Background: A large proportion of people with depression and anxiety go unrecognised by their general practitioner (GP). case finding does not appear to be effective on its own.
Aim: To compare the effectiveness of case-finding followed by computer-generated patient-specific guidelines with usual care for the management of common mental disorders in primary care.
Design of study: Individual patient randomised controlled trial.
Setting: Five general practices in Bristol and Cardiff
Method: 762 individuals aged greater than or equal to16 years scoring greater than or equal to12 on the Clinical Interview Schedule Revised were randomised. The experimental intervention required participants to complete a computerised psychosocial assessment that generated a report for the GP including patient-specific treatment recommendations The control patients were treated as usual with access to locally agreed guidelines Results: Participants' 12-item General Health Questionnaire (GHQ) score dropped irrespective of treatment allocation. The experimental group had a significantly lower GHQ score at 6 weeks, but not at 6 months. Rdcovery at 6 months was 3% greater among those receiving the experimental intervention (9596 confidence interval [CI] = -4 to 10). Treatment was not significantly associated with quality of life or patient satisfaction.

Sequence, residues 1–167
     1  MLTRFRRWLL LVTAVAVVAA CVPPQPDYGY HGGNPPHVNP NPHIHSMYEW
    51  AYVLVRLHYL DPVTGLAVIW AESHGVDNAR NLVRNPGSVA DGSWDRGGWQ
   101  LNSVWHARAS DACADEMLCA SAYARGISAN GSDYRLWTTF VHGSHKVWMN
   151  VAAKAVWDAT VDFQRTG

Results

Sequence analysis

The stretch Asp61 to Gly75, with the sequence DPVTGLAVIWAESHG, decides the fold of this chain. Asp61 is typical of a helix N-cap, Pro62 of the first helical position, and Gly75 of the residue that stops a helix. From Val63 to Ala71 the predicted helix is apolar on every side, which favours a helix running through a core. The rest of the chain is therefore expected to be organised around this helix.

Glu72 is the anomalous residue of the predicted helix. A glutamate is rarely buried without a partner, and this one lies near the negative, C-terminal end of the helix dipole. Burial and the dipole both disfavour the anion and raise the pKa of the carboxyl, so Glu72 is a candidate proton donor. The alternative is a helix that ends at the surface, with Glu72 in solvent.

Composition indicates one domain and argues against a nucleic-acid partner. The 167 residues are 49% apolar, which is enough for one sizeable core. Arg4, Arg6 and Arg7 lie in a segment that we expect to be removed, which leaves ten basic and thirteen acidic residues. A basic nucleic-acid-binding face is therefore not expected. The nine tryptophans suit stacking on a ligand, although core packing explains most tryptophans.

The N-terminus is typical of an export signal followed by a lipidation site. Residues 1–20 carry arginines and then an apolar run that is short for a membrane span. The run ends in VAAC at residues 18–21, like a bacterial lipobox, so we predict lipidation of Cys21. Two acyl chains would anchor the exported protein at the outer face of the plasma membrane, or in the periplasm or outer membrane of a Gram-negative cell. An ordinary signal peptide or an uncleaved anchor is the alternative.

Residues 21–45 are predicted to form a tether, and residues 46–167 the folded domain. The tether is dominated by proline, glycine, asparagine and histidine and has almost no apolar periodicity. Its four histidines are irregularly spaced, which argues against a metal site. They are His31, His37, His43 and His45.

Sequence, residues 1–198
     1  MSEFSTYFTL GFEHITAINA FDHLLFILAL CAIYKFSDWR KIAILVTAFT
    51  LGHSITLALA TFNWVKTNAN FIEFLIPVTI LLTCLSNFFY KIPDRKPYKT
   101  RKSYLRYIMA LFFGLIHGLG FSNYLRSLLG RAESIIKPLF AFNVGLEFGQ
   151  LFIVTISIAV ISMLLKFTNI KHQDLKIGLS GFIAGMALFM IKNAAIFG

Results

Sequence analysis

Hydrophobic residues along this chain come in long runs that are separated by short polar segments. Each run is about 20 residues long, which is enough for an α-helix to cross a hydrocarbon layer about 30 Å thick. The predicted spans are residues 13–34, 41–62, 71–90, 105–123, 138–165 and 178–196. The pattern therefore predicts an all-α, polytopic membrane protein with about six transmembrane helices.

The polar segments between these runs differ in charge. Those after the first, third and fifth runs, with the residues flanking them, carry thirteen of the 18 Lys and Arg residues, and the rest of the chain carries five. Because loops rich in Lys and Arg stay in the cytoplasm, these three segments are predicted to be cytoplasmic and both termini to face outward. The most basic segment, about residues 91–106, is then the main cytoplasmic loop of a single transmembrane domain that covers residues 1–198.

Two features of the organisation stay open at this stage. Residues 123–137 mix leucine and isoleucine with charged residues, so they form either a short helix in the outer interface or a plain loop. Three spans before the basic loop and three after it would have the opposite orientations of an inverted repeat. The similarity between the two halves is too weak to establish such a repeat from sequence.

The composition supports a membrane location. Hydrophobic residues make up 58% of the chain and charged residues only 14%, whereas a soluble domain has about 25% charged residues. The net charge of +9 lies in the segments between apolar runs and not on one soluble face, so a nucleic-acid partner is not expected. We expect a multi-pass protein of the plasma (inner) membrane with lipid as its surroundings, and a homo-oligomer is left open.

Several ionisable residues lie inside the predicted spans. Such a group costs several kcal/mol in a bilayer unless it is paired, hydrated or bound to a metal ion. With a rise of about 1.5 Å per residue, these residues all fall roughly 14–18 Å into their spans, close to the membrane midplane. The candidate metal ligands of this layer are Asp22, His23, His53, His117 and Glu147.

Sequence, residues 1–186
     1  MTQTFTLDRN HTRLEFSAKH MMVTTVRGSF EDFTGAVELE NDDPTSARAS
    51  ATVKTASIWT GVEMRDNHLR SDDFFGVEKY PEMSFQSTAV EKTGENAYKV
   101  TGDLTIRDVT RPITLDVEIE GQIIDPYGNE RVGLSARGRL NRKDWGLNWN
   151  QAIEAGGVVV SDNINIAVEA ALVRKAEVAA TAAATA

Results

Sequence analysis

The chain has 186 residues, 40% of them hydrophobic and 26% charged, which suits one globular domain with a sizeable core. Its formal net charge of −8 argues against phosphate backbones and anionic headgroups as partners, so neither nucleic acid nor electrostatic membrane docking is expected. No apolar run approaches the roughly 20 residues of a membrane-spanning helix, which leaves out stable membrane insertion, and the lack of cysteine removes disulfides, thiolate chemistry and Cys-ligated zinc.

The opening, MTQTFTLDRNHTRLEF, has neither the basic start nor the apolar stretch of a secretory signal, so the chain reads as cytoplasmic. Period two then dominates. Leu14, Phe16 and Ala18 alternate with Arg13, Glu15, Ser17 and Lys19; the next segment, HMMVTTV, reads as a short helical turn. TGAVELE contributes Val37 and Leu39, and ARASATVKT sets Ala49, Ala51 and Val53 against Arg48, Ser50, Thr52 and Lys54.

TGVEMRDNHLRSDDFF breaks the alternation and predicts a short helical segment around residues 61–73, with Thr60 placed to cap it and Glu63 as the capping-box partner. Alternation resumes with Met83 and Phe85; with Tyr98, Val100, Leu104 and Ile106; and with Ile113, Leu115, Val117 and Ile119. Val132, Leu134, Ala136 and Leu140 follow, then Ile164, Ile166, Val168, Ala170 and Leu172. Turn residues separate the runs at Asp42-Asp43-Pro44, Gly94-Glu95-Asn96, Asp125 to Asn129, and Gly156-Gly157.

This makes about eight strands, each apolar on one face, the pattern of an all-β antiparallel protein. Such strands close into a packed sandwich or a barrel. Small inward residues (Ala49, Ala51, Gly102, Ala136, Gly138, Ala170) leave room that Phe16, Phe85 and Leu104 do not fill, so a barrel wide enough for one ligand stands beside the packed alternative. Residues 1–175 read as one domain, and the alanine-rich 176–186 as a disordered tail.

Conclusion: Only small benefits are like from using case finding followed by patient-specific guidelines to improve clinical management of common mental disorders in primary care. However depression and anxiety are important public health problems so the utility of such systems should be further investigated.
|Number of pages||5|
|Journal||The British Journal of General Practice|
|Publication status||Published - 2004|
- computer-assisted decision making
- randomised controlled trial
- primary health care
- mental disorders
- IMPROVE TREATMENT